SVZ talks sustainability: ‘Everyone in the F&B industry should think about the next generation’
This content item was originally published on www.beveragedaily.com, a William Reed online publication.
The company - part of the Dutch farming co-operative Royal Cosun - produces a portfolio of purees, puree concentrates, juice concentrates, NFC juices and IQFs. These are produced from across 35 fruits and 15 vegetables, ranging from strawberries, raspberries and kiwi fruit to carrots. Product applications include juices, beverages, dairy, icecream, bakery and confectionery.
Speaking from the company’s Rijkevorsel facility in Belgium, Johan Cerstiaens, Commercial Director, SVZ, explains how the company is keeping sustainability front-of-mind as demand for fruit and vegetable ingredients (which tick all the boxes when it comes to key trends such as natural and plant-based) continues to rise.
SVZ made its 100% sustainable sourcing pledge back in 2017, a commitment made on its 150th anniversary of the company. Five years later it’s happy with its achievements so far: but knows there are challenges to be overcome to reach the 100% goal. It’s currently at around 65% sustainable sourcing: but progress to date has been made with the larger suppliers.
The next step is to work through smaller suppliers: who do not necessarily have the same experience or know-how in working through sustainable certification steps as larger ones.
The quality and taste of fruit and vegetables are important to SVZ, but it doesn’t have the same requirement as retail consumers for perfect looking fruits. One of its suppliers – a strawberry farm down the road from it Rijkevorsel processing facility – sends the vast majority of its strawberries to supermarkets. The remaining 5%, however, are not deemed good-looking enough for retail clients: and so this goes to SVZ.
And the company believes there are still more opportunities for it to get involved in giving fruit that would otherwise be wasted a second life.
Another factor in sustainability is considering the food miles along the whole supply chain. The company’s Rijkevorsel facility is in the heart of the fruit growing region in the north west of Belgium: meaning it can source many ingredients locally. Along with investments in more efficient processing in the facility, the company believes this site can serve as a model for its other facilities around the world.
SVZ has four processing plants located in the US (Othello, Washington State); Poland (Tomaszów); Spain (Almonte) and Belgium (Rijkevorsel).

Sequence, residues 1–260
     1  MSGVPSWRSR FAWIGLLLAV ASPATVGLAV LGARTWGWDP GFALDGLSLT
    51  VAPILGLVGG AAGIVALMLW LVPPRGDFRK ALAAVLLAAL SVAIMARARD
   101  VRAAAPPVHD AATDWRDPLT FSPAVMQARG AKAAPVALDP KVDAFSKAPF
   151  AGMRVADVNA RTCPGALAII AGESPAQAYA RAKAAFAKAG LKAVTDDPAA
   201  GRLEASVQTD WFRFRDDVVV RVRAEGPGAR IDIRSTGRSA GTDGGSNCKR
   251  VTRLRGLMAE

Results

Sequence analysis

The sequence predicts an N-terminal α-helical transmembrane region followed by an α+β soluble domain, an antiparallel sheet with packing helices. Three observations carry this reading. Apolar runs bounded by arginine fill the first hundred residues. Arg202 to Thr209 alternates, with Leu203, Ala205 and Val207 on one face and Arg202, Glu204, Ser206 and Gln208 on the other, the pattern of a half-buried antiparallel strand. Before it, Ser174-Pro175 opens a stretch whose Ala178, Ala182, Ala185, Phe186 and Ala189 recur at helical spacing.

“It’s only by shifting our own mindset – and the mindsets of our stakeholders – that we can transform our business and implement real positive change across our supply chain. That’s why we’re passionate about introducing new sustainable initiatives and sharing knowledge with our partner farmers – so that more environmentally responsible ways of thinking can be introduced and maintained at every level of SVZ.”
A new investment in the Belgium facility will decrease heat consumption and explore new ways of reusing expended energy. The US plant has boosted its puree line and invested in new automation technology to further streamline the production process, while a recent investment in water treatment allows water to be cleaned and reused.
Meanwhile, the Almonte site has recently been fitted with solar panels and a new cold storage facility constructed to reduce reliance on third-party storage and transportation; and in Poland, the Tomaszów facility’s concentrate line has been bolstered.
And finally, the company sees itself as part of a much wider effort to drive the food and beverage industry towards a sustainable future.
At one end of the chain, it’s working with small farmers to help them become more sustainable.
At the other end, it’s collaborating with F&B manufacturing giants to drive bigger changes across its supply chain (for example, it has partnered with Danone and Indian company Mother Dairy on a toilet sponsorship program for remote mango farmers across India: not only improving overall hygiene for workers but also making the farms more attractive to female laborers).